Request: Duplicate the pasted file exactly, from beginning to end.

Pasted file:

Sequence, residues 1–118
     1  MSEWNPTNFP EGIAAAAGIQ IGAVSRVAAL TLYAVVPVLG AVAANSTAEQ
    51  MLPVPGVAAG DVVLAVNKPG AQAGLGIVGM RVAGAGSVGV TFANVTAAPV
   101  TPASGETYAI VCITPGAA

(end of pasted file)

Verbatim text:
Sequence, residues 1–118
     1  MSEWNPTNFP EGIAAAAGIQ IGAVSRVAAL TLYAVVPVLG AVAANSTAEQ
    51  MLPVPGVAAG DVVLAVNKPG AQAGLGIVGM RVAGAGSVGV TFANVTAAPV
   101  TPASGETYAI VCITPGAA